Linked by David Adams on Tue 20th Mar 2012 17:27 UTC, submitted by sawboss
Hardware, Embedded Systems "In the world of hard drives storage, density is king and Seagate has just achieved a major breakthrough that guarantees major storage gains for the next decade. That breakthrough is managing to squeeze 1 terabit (1 trillion bits) of data into a square inch or space, effectively opening the way for larger hard drives over the coming years beyond the 3TB maximum we currently enjoy. How much of an improvement does this storage milestone offer? Current hard drives max out at around 620 gigabits per square inch, meaning Seagate has improved upon that by over 50%. However, that's just the beginning."
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Faster now !
by Neolander on Tue 20th Mar 2012 21:40 UTC
Neolander
Member since:
2010-03-08

Alright, now if only someone could find a software or hardware method to turn a slow multi-TB hard drive into a superfast ~200GB hard drive... Perhaps possible by using a variant of RAID between drive platters ?

I believe I'm not the only one findind the capacity of modern HDDs too big for domestic use, and getting a compromise between SSD's speed and "pure" hard drive price and reliability could be pretty cool...

Edited 2012-03-20 21:45 UTC

Reply Score: 2

RE: Faster now !
by aligatro on Tue 20th Mar 2012 22:29 in reply to "Faster now !"
aligatro Member since:
2010-01-28

I was under the impression that it already does it. It reads multiple metal disks at the same time, to parallelise read and write. The only way to make it faster is to add more disks. I suspect those new harddrives are going to be almost as fast as average SSD. They increased physical density, so much more information can be read/written at the same time.

Reply Parent Score: 2

RE[2]: Faster now !
by Neolander on Wed 21st Mar 2012 07:56 in reply to "RE: Faster now !"
Neolander Member since:
2010-03-08

I wonder... Since LBA has been the norm, are OSs still in control of where their data goes on the HDD, or is it the job of a hard drive's manufacturer to propose a LBA->physical geometry mapping which verifies such laws as "First LBA blocks are accessed faster" ?

In any case, if the full drive capacity is kept, II guess that constant monitoring of disk usage and moving data around would be necessary in order to keep the most frequently used data in the first sectors. I was thinking of something simpler, more along the lines of putting exactly the same content on all disks (like RAID 1 does with multiple HDDs), which slows down writes a little but should vastly increase read speeds.

Edited 2012-03-21 08:03 UTC

Reply Parent Score: 1

RE: Faster now !
by magick on Wed 21st Mar 2012 01:06 in reply to "Faster now !"
magick Member since:
2005-08-29

Alright, now if only someone could find a software or hardware method to turn a slow multi-TB hard drive into a superfast ~200GB hard drive...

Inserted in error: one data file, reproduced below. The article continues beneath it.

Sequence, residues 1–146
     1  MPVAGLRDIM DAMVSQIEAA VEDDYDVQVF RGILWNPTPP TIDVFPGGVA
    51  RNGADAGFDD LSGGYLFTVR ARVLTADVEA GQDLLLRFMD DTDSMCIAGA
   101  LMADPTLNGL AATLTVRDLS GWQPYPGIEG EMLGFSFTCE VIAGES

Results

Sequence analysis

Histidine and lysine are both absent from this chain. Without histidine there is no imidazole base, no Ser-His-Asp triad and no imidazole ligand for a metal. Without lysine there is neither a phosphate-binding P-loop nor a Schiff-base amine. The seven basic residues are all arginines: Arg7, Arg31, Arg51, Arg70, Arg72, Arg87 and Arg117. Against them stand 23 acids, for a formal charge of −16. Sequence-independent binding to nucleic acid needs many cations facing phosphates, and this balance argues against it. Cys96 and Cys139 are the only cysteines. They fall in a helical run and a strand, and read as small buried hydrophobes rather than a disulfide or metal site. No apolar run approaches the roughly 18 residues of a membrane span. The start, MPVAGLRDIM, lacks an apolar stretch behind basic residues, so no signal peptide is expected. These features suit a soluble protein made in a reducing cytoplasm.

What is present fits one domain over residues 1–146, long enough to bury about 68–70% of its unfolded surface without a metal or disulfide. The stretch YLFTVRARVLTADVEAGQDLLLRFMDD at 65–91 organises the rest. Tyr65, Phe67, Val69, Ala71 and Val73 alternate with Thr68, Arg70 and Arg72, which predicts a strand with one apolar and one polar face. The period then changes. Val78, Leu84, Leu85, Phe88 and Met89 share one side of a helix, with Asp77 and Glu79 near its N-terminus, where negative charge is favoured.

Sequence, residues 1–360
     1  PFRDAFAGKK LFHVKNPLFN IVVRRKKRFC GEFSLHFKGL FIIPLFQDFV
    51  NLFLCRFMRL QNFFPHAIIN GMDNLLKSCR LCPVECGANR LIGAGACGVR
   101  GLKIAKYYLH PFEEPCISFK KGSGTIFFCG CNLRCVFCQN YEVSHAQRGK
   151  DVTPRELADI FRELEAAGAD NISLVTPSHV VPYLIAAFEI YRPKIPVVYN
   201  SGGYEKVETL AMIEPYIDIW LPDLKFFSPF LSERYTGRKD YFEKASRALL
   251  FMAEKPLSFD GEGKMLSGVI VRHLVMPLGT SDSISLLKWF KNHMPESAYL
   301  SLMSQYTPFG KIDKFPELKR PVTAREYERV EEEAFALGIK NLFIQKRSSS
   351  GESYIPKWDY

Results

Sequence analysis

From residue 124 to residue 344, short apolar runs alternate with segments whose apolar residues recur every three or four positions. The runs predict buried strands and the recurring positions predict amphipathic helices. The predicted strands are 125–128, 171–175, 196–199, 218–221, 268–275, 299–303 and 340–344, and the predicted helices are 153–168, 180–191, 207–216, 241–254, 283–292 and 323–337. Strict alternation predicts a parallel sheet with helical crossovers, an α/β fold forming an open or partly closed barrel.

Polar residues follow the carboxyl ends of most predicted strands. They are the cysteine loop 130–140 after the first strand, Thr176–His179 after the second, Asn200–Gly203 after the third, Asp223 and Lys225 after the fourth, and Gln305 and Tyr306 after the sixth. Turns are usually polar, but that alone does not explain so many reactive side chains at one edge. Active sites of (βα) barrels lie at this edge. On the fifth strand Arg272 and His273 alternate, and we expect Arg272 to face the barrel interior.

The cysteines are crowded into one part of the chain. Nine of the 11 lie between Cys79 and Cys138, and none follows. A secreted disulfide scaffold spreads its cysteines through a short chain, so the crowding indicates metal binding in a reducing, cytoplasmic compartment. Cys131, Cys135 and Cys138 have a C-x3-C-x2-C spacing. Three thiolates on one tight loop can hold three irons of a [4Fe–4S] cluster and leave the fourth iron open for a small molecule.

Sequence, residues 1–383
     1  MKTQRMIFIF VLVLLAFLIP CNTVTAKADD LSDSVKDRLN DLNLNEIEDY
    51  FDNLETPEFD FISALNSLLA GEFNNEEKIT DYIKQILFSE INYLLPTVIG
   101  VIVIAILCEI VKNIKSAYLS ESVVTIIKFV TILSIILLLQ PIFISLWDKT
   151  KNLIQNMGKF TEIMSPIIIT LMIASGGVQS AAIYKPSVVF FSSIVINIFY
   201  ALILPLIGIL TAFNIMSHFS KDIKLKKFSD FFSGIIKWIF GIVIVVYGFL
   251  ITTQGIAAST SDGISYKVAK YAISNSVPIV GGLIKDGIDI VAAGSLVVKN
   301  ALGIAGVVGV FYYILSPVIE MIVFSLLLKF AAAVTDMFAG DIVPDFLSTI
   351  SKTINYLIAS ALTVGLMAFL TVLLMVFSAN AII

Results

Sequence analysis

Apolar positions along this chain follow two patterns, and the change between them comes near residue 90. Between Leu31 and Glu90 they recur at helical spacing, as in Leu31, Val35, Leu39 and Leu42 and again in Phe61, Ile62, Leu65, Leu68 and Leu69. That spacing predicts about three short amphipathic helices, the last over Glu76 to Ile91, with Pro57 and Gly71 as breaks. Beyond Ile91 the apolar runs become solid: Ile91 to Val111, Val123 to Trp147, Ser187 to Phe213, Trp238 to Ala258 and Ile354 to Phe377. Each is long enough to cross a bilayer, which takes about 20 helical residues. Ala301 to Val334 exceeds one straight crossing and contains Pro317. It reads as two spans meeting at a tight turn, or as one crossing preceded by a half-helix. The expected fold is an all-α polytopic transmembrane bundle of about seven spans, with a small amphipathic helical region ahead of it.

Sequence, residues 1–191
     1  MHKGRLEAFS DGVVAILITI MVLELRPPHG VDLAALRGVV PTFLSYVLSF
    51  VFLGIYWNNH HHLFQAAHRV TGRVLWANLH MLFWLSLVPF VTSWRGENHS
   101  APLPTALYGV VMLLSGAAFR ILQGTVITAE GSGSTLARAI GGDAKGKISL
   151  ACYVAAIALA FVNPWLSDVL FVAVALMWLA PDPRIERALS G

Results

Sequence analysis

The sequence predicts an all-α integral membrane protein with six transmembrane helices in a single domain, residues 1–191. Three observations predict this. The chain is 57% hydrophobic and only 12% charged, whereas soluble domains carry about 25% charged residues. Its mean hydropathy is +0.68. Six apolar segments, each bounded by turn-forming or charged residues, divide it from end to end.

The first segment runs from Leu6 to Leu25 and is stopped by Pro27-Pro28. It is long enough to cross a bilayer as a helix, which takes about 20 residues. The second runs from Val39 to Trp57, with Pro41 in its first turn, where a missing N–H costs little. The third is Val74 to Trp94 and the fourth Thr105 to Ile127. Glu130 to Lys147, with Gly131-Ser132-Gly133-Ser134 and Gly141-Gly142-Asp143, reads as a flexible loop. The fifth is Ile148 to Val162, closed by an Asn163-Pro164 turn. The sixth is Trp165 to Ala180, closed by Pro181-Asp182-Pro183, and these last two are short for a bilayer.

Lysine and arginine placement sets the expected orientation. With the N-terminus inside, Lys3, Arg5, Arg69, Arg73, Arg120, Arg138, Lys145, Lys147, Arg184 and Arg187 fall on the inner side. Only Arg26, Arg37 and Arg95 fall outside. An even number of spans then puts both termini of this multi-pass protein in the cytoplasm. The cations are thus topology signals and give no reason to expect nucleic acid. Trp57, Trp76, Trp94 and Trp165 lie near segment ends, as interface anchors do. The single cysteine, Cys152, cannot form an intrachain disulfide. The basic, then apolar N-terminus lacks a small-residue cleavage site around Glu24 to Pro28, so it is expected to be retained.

Actually, there is a method and a fairly simple one. You could use only outher most tracks (cylinders). Reducing multi-TB drive to only several hundred GB would provide quite some 'speediness'.

And another thing... RAID is not a substitution for backup it is mainly a method for increasing system's availability. Always backup your (important) data!

Reply Parent Score: 2

RE[2]: Faster now !
by Neolander on Wed 21st Mar 2012 08:00 in reply to "RE: Faster now !"
Neolander Member since:
2010-03-08

Actually, there is a method and a fairly simple one. You could use only outher most tracks (cylinders). Reducing multi-TB drive to only several hundred GB would provide quite some 'speediness'.

Don't modern filesystems already try to do this as a default ?

And another thing... RAID is not a substitution for backup it is mainly a method for increasing system's availability. Always backup your (important) data!

Yes, I know that disks in RAID are at the same physical location and thus vulnerable to the same external breakage factors. However, I was only considering the ability of RAID to speed-up disk reads here, write redundancy being only a way to achieve this goal.

Reply Parent Score: 1

RE: Faster now !
by OSbunny on Wed 21st Mar 2012 06:59 in reply to "Faster now !"
OSbunny Member since:
2009-05-23

I believe they already have something like that. Its called a Western Digital Raptor. Another option is the hybrid Momentus series of drives from seagate.

Reply Parent Score: 2

RE: Faster now !
by tanishaj on Wed 21st Mar 2012 17:14 in reply to "Faster now !"
tanishaj Member since:
2010-12-22

Alright, now if only someone could find a software or hardware method to turn a slow multi-TB hard drive into a superfast ~200GB hard drive


Perhaps we will start to see consumer level systems using RAID (or RAID like) multi-platter storage with SSDs (or even RAIDs of them) acting as a kind of cache.

Reply Parent Score: 2

RE[2]: Faster now !
by Neolander on Wed 21st Mar 2012 18:08 in reply to "RE: Faster now !"
Neolander Member since:
2010-03-08

Perhaps we will start to see consumer level systems using RAID (or RAID like) multi-platter storage with SSDs (or even RAIDs of them) acting as a kind of cache.

I have mixed feelings about these hybrid drives with SSD caches (which already exist). On one hand, they offer an interesting compromise between HDD capacity and SSD speed. On the other hand, can the drive fallback nicely to "pure" hard drive operation when the SSD fails ?

Reply Parent Score: 1